By Chris Micheli
An important role for the capital lawyer in state government is drafting bills and amendments. There is an art to drafting bills that comes easily for some, but is difficult for others. The critical factor is whether the bill’s language is clear enough to accomplish the intent of the bill’s author and sponsor and also whether the bill language can be understood by third parties that were not privy to all of the legislative discussions involving the bill language.
California legislative rules require all bills and amendments to be “in Legislative Counsel form” prior to the bill or amendment being processed by either the Senate Desk or the Assembly Desk. As such, regardless of whether another party does the initial drafting of a bill or amendment, attorneys with the Office of the Legislative Counsel ultimately will do the formal drafting and may tweak some language that has previously been written in order to keep the proposed statutory language consistent with other code sections. The Legislative Counsel attorneys also suggest where to place a new law in the code books.
There are numerous California Government Code Sections that are relevant to bill and amendment drafting, including those provisions related to the Legislative Counsel, Enactment of Statutes and Operation of Statutes. The Office of the Legislative Counsel is keenly aware of the types of measures, bills, “chaptering out” amendments, effective dates, etc., as well as the general rules of statutory interpretation to assist them in their drafting duties.
On occasion, however, a legislator may direct the Legislative Counsel Deputy to not make any changes to the bill language because it was carefully crafted to address the desires of interested parties, such as when a compromise on bill language was achieved. As a result, legislators and their staff often work closely with a Deputy on their desired bill language throughout the legislative process. On some drafting requests, the legislator or sponsor knows exactly the bill or amendment language they desire.
In other instances, the drafting request to the Legislative Counsel Deputy may be very broad, such as to “draft a bill that does ___.” Thereafter, the Deputy drafts a bill from scratch. In either instance, with a general request or a specific one, the attorneys in the Office of the Legislative Counsel utilize rules of statutory construction and other guidelines for drafting bills and amendments to those bills.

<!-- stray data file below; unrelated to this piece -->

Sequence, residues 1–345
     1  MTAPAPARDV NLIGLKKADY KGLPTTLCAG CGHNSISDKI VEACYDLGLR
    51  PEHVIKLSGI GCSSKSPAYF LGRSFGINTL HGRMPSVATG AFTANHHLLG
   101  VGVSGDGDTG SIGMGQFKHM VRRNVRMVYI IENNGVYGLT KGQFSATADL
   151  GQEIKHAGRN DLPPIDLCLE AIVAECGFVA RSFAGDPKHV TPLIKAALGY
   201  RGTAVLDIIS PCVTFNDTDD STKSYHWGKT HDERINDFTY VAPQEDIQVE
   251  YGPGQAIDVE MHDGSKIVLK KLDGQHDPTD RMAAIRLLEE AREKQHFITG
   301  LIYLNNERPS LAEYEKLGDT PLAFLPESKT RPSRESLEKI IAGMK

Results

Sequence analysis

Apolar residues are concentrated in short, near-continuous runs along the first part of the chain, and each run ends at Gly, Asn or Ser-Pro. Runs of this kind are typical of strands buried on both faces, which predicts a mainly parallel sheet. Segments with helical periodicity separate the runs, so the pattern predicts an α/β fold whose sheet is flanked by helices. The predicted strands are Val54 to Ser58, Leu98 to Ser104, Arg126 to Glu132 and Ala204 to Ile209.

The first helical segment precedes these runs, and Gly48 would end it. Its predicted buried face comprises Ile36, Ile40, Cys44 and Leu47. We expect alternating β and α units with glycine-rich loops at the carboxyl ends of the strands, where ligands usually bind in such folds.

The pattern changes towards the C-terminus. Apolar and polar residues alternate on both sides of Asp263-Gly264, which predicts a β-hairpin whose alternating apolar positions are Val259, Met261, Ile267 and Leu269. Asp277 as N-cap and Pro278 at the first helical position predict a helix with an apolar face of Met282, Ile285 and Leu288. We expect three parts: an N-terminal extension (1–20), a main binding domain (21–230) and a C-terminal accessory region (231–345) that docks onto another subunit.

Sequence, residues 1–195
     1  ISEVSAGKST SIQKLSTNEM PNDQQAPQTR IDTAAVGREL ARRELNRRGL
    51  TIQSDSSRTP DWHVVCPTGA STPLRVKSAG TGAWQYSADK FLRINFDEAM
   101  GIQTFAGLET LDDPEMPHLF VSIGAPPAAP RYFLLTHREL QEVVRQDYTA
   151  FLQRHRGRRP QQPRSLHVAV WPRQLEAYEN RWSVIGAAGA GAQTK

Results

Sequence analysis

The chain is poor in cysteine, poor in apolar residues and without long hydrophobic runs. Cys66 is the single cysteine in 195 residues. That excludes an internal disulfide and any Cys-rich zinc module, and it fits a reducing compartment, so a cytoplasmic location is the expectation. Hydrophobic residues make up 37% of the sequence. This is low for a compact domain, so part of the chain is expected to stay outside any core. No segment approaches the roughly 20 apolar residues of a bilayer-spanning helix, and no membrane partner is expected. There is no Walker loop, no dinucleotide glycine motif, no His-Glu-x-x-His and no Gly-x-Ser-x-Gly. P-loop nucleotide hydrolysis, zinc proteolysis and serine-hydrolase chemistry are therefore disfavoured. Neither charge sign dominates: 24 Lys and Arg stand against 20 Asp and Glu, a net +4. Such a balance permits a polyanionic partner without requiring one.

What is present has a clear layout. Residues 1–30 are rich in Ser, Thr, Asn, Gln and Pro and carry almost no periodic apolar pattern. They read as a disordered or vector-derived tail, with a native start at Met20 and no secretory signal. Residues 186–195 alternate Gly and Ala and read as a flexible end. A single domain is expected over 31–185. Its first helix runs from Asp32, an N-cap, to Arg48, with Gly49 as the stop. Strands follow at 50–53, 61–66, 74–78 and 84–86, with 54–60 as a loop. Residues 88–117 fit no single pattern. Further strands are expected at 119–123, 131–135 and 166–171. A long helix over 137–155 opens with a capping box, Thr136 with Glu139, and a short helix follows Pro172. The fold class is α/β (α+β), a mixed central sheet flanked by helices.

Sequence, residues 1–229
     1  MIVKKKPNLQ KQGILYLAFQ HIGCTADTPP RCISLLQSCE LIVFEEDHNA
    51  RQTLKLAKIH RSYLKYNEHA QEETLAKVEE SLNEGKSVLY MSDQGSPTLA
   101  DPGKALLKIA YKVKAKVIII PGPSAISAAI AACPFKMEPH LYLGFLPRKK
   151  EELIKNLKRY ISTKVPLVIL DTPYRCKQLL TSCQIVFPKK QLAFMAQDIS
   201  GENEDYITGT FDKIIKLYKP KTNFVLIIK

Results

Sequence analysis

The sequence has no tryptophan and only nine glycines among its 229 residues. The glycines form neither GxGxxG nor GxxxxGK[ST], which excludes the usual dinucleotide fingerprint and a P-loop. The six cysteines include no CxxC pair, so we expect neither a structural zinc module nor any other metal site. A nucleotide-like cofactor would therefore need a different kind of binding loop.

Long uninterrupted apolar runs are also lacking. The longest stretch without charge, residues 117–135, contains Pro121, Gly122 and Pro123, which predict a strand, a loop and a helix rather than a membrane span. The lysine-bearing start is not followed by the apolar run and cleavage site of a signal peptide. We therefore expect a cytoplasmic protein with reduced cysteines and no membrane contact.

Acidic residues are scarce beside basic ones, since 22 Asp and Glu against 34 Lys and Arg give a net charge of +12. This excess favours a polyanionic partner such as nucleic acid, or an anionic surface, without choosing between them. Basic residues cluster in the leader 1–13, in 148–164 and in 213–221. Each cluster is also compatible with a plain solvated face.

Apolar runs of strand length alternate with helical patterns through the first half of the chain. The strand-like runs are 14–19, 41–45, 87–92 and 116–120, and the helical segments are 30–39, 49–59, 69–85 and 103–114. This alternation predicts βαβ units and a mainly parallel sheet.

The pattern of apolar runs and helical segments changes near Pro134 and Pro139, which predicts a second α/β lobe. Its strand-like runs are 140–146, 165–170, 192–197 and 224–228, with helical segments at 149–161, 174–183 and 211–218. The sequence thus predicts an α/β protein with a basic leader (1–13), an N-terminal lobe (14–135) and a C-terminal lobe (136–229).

The initial question in drafting a new bill is whether this bill is proposing a new statute or is amending or repealing an existing statute. For a bill creating a new statute, an initial issue is what code will the bill be in? There are 29 codes comprising California statutes. The next question is what section of the code should this bill be in? There are about 150,000 statutes and Legislative Counsel has to determine what section of the law to create or amend.
Although the Legislative Counsel ultimately drafts the bill language (on average, over 8,000 requests per session) and amendments to those bills (on average, over 10,000 requests per session), skilled lawyers should be able to craft bill and amendment language themselves. It is a very valuable skill to possess. Moreover, it provides keen insight into interpreting statutes after an attorney has experience writing statutory language. Most start with “plain English,” although there certainly are key words and phrases that Legislative Counsel prefers to utilize.
In regards to amendments, the questions to ask as a bill drafter include: What should be changed from the existing bill language? What is the intent of the amendment? How could that intent best be accomplished by modifying the bill language?
The following are examples of the bills and amendments that are drafted by the Legislative Counsel’s Office:
Amending a section of code
Adding a section of code
Repealing a section of code
Adding a chapter of code
Adding multiple sections of code
Bill making an appropriation
Bill imposing a local mandate
Amending a bill
There are many options for drafting a bill as shown above. Those persons working on legislation are assisted by the Legislative Counsel attorneys who are well educated in drafting bills and amendments.
Chris Micheli is a Principal with the Sacramento governmental relations firm of Aprea & Micheli, Inc. He also serves as an Adjunct Professor at McGeorge School of Law in its Capital Lawyering Program.